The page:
2:17pm

Sun August 12, 2012
Movies I've Seen A Million Times

The Movie Peter Hedges Has 'Seen A Million Times'

Originally published on Sun August 12, 2012 4:59 pm

The weekends on All Things Considered series Movies I've Seen A Million Times features filmmakers, actors, writers and directors talking about the movies that they never get tired of watching.

For writer-director Peter Hedges, whose credits include What's Eating Gilbert Grape, About A Boy, Dan In Real Life and The Odd Life of Timothy Green, which opened in theaters this weekend, the movie he could watch a million times is Hal Ashby's Harold and Maude. "[It's] a film that I just keep finding myself rewatching," Hedges says.


Interview Highlights

On his favorite scene in Harold and Maude

There's one moment in the film, which I've watched more than any moment in any film in history. The mother's brought, I think her name's Candy, home to meet Harold and he passes by — he's walking out in the yard, he's got a sheet wrapped around him — and the mother is interviewing Candy about what her interests are. And Harold is out, and you can see him through the window, pouring gasoline all over his sheet covers and he pours gasoline all over himself. [Candy's] like, "Harold, Harold!" And then Harold appears.

"He enters the room behind her, and the mother says, "Here he is now!" And of course, the girl freaks out, as anyone would, goes running out of the room, and here's the moment, here's the moment that I watch repeatedly, because Harold is looking and the mother is looking — they're both looking at where this woman's run off in horror, screaming. And Harold turns to the camera, and he just looks right at the camera, and ... this devilish smile comes over his face and then the piano starts.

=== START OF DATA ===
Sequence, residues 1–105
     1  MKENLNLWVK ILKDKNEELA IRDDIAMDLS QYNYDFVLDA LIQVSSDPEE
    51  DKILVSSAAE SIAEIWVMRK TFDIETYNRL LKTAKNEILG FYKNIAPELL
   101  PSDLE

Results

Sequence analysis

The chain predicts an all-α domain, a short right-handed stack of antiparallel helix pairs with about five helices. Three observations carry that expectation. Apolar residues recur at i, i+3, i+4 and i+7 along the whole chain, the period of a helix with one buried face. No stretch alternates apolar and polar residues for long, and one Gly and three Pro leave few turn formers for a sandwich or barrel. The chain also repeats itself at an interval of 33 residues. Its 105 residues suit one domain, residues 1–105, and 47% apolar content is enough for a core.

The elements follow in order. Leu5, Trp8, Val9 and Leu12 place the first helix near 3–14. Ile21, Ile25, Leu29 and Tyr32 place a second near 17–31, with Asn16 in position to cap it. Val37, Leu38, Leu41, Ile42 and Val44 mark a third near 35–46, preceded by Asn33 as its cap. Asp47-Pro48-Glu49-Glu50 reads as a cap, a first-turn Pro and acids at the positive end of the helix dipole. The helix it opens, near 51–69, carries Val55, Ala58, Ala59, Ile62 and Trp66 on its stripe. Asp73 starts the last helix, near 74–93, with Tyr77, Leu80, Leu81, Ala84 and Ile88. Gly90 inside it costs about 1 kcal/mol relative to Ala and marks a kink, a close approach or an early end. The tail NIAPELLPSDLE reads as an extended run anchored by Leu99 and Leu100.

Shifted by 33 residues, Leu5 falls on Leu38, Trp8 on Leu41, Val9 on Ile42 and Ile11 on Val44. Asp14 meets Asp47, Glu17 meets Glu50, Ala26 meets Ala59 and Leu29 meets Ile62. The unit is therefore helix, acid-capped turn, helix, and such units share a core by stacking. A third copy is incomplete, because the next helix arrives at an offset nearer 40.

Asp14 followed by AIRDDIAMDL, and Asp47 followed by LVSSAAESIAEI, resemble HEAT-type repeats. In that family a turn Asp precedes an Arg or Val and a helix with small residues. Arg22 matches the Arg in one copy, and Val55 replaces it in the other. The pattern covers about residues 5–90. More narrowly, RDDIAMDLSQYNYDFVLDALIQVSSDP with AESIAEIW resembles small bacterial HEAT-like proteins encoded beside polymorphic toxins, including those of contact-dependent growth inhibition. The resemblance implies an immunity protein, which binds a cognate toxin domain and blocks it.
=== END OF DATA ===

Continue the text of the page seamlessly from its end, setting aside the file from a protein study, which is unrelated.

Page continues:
"For me, that moment, I watch it and watch it, I show it to my kids, I show it to anybody who will watch it, and say, 'That is cinema.'"

On what he's learned from watching the film

"There are sections of the film that I don't love. There are moments that really lift and elevate, and then there are parts that feel clunkier to me. But the totality of Harold and Maude is so much greater than maybe other films that are more perfect or look more beautiful or handle every moment more exquisitely. And that gives me a lot of comfort, that something doesn't have to be perfect to be exquisite. In fact, maybe it's better if it's not."

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Transcript

GUY RAZ, HOST:

All summer long, we've been asking people who work in film to talk about the movie that changed their life, including this one from the writer of "What's Eating Gilbert Grape."

(SOUNDBITE OF MUSIC)

PETER HEDGES: Hi. I'm Peter Hedges. I'm a writer/director. The film I've seen a million times and will watch a million more times is "Harold and Maude." It was written by Colin Higgins, directed by Hal Ashby, stars Bud Cort and the irreplaceable Ruth Gordon.

(SOUNDBITE OF SONG, "DON'T BE SHY"")

CAT STEVENS: (Singing) Just lift your head and let your feelings out instead.

HEDGES: "Harold and Maude" is a film I just keep finding myself rewatching.

(SOUNDBITE OF MOVIE, "HAROLD AND MAUDE")

UNIDENTIFIED MAN: (as Maude) Tell me, Harold. What gives you that special satisfaction?

BUD CORT: (as Harold) I go to funerals.

(SOUNDBITE OF SONG, "ON THE ROAD TO FIND OUT")

STEVENS: (Singing) Then I found myself alone, hoping someone would miss me.

HEDGES: "Harold and Maude" is a love story about a young man Harold who is the child of a very wealthy mother.